They include a variety of funds ranging from a money market mutual fund to growth-focused stock funds, the Stable Value Option (SVO), and the Fidelity Freedom Funds. View investment options
We encourage you to take an active role and choose investment options that best suit your goals, time horizon, and risk tolerance. If you do not select specific investment options, contributions will be invested in the Fidelity Freedom Fund targeted to an assumed retirement at age 65, based on your current age. If we do not have your valid date of birth, contributions will be invested in the Fidelity Freedom Income Fund.
Yes, if you wish. The Freedom Funds are designed to serve as stand-alone options, since each fund invests in a combination of Fidelity mutual funds and is professionally managed to provide a consistent retirement investment strategy over time. However, you are free to allocate your contributions among all the investment options, including the Freedom Funds.
With the exception of the SVO, you can transfer your full account balance, or any portion of it, between investment options daily.
The Stable Value Option: In a given calendar year, you can make penalty-free transfers of up to 20% of:
- Your account balance on January 1 of that year, plus
- The amount of contributions or transfers to the account, previously made in the same calendar year, less
- The amount of transfers from the account, previously made in the same calendar year
Withdrawing funds is taking money out of the Defined Contribution Plan. Transferring funds is moving funds from one investment option to another within the Defined Contribution Plan.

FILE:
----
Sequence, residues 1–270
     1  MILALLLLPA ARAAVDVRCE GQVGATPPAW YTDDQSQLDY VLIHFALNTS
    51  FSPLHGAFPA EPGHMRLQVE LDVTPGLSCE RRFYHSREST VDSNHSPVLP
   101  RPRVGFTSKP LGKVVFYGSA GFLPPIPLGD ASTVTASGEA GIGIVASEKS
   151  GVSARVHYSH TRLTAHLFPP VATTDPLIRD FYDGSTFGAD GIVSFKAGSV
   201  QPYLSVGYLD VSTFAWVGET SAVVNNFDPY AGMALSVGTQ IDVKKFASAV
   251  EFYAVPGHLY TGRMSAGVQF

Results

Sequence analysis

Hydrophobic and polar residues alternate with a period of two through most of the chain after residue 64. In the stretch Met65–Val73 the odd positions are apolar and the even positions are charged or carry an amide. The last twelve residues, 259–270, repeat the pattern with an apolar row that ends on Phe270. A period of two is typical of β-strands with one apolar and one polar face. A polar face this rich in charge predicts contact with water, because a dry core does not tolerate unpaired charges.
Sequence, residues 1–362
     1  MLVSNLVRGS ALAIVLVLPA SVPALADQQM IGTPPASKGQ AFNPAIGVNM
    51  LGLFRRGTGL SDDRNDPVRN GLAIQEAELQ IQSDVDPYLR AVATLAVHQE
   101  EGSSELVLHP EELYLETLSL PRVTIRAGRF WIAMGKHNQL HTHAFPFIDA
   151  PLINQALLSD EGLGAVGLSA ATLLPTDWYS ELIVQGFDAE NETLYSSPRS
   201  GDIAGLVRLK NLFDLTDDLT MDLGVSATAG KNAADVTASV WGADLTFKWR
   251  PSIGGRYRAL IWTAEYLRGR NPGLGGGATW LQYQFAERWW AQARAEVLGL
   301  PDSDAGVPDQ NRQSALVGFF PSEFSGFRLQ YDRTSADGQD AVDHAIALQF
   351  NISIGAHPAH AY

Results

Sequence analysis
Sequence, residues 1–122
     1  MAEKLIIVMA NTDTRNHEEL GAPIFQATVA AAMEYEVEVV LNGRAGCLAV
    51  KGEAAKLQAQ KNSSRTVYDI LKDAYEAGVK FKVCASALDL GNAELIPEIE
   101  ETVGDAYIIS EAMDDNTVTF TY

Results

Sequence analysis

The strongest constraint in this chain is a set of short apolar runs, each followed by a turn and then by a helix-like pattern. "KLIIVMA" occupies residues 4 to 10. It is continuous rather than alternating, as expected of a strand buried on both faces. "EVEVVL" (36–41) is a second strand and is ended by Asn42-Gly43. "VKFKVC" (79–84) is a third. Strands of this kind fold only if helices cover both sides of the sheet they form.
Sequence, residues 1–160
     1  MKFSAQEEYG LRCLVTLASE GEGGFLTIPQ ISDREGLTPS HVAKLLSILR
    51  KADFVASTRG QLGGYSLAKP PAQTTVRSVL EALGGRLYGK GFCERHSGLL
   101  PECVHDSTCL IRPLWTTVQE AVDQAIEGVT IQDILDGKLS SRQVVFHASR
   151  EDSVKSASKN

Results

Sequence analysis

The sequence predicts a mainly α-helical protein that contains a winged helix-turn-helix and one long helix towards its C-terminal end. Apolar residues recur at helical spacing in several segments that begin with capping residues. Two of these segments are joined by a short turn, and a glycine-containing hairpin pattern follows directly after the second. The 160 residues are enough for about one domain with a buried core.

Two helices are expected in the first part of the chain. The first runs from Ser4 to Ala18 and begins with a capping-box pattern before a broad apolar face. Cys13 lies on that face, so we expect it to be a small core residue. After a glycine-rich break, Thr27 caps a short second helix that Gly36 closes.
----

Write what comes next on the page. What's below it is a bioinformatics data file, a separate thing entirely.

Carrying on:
Yes, if you retire at age 55 you can access your savings. Otherwise, you can access your savings after you reach age 59½, or if you suffer a financial hardship, and if you are still working for your participating employer. Certain IRS regulations apply.
No. Please refer to Your Account in Transition for terminated employees for more information.
Yes. You may also choose lifetime income options or periodic installments over a period of time or for a particular amount. To review your options please refer to Your Retirement Account in Transition.
The balance is paid to the designated beneficiary indicated on your completed Beneficiary Designation Form or to your estate.
Yes. You can access your balance, and the 10% tax penalty for early withdrawal may be waived.
More Questions: Annuities and IRAs
A Roth IRA may be right for you if you want to have tax-free income when you retire. Compare all of the Church Life annuities and talk to your financial or tax advisor before making a decision on what is best for you.
You will need to fill out a Beneficiary Designation Form to name your beneficiary.
More Questions: Retirement Savings Plan (RSVP)
If you participate in the Defined Benefit Plan, you do not contribute to your own retirement account. Your retirement benefit is determined when you retire by a formula based on your highest average compensation and years of credited service. The RSVP offers a way for you to add to your retirement income by contributing to your own money.
You may participate if you are an employee of the Episcopal Church and your church employer has adopted the plan. Download and complete the Employee Application and mail it to the address indicated on the form to begin participating.
Annuities are offered by Church Life Insurance Corporation, 19 East 34th Street, New York, NY 10016.